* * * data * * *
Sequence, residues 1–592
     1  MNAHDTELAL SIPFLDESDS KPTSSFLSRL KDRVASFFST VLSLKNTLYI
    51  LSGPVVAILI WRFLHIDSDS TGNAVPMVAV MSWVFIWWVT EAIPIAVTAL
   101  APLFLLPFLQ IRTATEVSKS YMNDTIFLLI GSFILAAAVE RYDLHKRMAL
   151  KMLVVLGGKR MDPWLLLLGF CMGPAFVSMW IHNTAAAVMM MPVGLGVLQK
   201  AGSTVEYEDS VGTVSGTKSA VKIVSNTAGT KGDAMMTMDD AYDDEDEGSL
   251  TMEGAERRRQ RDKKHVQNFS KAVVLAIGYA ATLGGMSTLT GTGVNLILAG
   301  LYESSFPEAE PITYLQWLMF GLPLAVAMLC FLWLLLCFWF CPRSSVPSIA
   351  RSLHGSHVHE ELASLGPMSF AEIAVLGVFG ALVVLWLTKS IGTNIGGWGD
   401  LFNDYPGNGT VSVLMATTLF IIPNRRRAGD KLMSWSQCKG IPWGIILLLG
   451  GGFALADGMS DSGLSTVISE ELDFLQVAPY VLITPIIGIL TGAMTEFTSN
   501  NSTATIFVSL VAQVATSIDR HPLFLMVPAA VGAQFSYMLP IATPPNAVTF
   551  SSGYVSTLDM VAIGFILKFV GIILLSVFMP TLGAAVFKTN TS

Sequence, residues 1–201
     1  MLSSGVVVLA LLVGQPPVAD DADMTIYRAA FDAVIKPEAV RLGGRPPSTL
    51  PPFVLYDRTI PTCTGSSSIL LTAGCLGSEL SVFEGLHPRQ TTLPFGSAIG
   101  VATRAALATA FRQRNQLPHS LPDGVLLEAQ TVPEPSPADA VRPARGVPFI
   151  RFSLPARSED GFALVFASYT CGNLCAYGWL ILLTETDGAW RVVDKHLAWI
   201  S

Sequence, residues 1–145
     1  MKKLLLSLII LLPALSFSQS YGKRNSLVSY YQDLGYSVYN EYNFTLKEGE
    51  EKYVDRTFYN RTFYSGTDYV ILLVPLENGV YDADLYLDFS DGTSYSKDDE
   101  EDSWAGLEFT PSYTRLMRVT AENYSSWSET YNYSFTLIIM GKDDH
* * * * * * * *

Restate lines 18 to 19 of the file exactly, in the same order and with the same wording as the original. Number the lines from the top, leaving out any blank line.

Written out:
   151  RFSLPARSED GFALVFASYT CGNLCAYGWL ILLTETDGAW RVVDKHLAWI
   201  S